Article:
The First Cardinal Sin of Art School

The art professor asks, “why did you pick these materials?”  and your response is, “these are the materials I had.”

If you have ever said this to your professor, you have committed the first Cardinal Sin in art school.  This unforgivable laps in judgement happened to me often in my early art school days, but I soon learned to hear the response only in my head while my mouth wove a very different tale about the intent and meaning that these materials bring to whatever piece I happened to be making.  Did they buy it?  Most of the time, probably not.  Did I buy it?  No.

Now to be fair, this question was almost never raised unless the outcome of whatever project I was working on happened to fail miserably.  And so, I found the loop-hole in the system; I could use whatever materials I wanted (i.e. materials that were cheep, free, or lying around) as long as I made them work in my favor.  Hmm… now I was getting somewhere.

My very first project in my very first design class was called a transformation project.  In a nutshell, each week we had to make something using 12 (or a multiple of 12) of something to create something else, transforming it in such a way as to make it either extremely interesting or completely unrecognizable (or both).  The object that I chose to transform was a humble paper bag and for my first project from this series I made a teddy bear.  Though I had never really had any particular interest in sewing up until that point (I had gone into art school loving to paint), I somehow ended up making this bear using nothing more than the travel sewing kit my mom packed in my college dorm supplies*.  To my relief the teacher loved it.  I had discovered Fiber and a whole other side of craft that I never knew existed.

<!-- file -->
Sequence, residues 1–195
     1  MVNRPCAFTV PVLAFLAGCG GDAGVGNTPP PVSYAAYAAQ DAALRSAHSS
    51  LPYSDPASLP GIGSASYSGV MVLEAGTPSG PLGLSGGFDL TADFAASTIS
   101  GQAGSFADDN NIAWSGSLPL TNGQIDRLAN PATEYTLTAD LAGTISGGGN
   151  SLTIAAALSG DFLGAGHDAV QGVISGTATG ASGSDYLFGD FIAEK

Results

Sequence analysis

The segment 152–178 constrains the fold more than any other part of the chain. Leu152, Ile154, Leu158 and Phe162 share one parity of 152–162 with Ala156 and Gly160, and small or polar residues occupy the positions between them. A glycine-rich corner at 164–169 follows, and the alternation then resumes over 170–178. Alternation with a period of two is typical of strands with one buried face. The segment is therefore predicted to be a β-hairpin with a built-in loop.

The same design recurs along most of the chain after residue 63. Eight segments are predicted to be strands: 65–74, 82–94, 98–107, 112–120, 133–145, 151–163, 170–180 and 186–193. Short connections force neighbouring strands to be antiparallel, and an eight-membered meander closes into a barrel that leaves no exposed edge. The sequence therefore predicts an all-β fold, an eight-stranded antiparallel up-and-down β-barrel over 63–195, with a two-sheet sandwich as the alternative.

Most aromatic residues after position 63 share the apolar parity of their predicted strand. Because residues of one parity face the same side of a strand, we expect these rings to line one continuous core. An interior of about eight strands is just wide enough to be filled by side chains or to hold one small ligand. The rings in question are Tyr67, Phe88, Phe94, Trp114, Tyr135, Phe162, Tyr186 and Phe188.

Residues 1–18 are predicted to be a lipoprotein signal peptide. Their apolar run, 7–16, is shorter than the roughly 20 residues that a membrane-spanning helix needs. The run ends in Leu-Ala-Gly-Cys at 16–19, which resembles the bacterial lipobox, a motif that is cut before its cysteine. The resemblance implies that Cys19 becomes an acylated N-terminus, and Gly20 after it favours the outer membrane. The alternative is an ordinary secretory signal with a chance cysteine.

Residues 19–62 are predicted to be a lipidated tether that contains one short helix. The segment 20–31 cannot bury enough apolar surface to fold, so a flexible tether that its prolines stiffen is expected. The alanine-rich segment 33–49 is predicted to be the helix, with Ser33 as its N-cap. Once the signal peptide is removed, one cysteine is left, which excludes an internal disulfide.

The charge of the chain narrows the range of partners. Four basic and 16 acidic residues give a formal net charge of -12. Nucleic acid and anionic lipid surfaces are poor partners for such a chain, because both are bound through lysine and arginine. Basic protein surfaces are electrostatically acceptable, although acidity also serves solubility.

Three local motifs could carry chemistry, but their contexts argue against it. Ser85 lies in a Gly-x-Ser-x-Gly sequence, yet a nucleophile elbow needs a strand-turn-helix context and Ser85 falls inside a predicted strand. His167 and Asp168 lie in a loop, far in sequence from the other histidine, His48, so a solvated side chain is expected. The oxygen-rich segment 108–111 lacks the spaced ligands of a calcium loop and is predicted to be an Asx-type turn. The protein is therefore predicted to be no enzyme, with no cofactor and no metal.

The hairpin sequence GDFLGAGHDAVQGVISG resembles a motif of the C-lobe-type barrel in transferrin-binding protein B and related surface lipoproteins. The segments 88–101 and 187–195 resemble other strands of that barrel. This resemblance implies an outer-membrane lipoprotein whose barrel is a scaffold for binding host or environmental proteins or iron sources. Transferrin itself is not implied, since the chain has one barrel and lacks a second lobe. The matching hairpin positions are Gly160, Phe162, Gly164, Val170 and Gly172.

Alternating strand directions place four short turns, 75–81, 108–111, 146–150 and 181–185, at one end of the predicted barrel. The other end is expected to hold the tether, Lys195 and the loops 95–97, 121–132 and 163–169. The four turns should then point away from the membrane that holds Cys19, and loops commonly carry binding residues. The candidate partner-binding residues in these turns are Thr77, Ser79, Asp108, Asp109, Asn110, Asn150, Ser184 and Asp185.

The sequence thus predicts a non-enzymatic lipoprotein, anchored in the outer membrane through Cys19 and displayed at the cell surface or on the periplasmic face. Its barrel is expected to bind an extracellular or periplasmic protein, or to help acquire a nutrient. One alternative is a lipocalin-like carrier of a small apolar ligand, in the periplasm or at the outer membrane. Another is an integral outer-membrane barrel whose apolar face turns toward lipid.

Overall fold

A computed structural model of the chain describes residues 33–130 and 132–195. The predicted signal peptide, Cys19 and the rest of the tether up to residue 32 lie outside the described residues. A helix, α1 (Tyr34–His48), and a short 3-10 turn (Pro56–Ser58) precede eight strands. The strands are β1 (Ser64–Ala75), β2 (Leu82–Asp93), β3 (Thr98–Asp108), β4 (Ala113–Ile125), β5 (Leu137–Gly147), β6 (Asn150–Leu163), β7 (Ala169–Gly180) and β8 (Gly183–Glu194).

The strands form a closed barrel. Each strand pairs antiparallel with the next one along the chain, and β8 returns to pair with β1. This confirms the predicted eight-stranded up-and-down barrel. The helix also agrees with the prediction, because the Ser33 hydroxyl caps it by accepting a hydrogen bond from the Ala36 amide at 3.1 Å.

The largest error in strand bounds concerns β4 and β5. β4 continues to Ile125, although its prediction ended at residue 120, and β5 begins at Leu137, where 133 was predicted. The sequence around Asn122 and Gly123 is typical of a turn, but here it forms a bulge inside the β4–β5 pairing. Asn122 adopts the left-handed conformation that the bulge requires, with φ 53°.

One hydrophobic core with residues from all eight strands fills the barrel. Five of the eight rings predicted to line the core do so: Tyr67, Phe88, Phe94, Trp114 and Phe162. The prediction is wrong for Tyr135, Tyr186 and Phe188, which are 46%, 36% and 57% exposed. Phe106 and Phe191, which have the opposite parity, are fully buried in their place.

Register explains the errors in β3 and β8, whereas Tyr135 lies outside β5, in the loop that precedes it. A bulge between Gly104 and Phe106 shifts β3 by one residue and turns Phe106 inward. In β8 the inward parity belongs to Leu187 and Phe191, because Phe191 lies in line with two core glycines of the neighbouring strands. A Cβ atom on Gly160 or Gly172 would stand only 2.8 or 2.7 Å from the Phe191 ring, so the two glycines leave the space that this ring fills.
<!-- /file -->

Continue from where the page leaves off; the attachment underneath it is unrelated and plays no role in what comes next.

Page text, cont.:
Though this first project was a success, I had many, many more failures in turning humble materials into artistic and academic gold, but that didn’t stop me from trying.

Now, nearly eleven years removed from my first day of art school, I am reminded of this “Cardinal Sin” because of what I find myself doing on a daily basis; I make things out of the materials that I have.  If I don’t have it, I don’t make it.  Period.  It’s kind of worked into my newly found business model of using primarily recycled/repurposed/reused materials.  To me, it’s a challenge of having a material and then finding a new use for it.  It’s exciting.  It’s fun.  It’s me.

I’ve recently realized that I’m an adult now and I live in that place that adults used to talk about incessantly while I was in college called “the real world.”  And, in the real world, one does not need to follow the rules of the “art world.”  That said, I very much enjoyed my time in art school and I really did learn a lot from my professors.  Namely, I learned about construction, craftsmanship, and intent and how these elements are important to think about when creating something.

My intent is to use materials in such a way as to give them new life.  In the most basic and conventional sense I am making these objects useful again, but really I’m trying to take this work to the next step and move beyond recycling or upcycling.  What this means, I’m not really sure.  (Transforming maybe?)